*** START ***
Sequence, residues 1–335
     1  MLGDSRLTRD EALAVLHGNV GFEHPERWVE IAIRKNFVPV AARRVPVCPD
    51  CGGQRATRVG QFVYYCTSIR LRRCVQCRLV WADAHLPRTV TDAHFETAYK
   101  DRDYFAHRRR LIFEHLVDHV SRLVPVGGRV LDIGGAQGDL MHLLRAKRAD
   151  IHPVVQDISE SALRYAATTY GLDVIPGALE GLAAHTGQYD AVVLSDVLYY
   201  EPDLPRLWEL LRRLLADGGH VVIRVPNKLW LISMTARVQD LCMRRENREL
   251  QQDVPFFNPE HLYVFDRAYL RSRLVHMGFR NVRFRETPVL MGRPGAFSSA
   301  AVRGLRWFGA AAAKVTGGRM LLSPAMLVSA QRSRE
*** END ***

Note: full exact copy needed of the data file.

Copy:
Sequence, residues 1–335
     1  MLGDSRLTRD EALAVLHGNV GFEHPERWVE IAIRKNFVPV AARRVPVCPD
    51  CGGQRATRVG QFVYYCTSIR LRRCVQCRLV WADAHLPRTV TDAHFETAYK
   101  DRDYFAHRRR LIFEHLVDHV SRLVPVGGRV LDIGGAQGDL MHLLRAKRAD
   151  IHPVVQDISE SALRYAATTY GLDVIPGALE GLAAHTGQYD AVVLSDVLYY
   201  EPDLPRLWEL LRRLLADGGH VVIRVPNKLW LISMTARVQD LCMRRENREL
   251  QQDVPFFNPE HLYVFDRAYL RSRLVHMGFR NVRFRETPVL MGRPGAFSSA
   301  AVRGLRWFGA AAAKVTGGRM LLSPAMLVSA QRSRE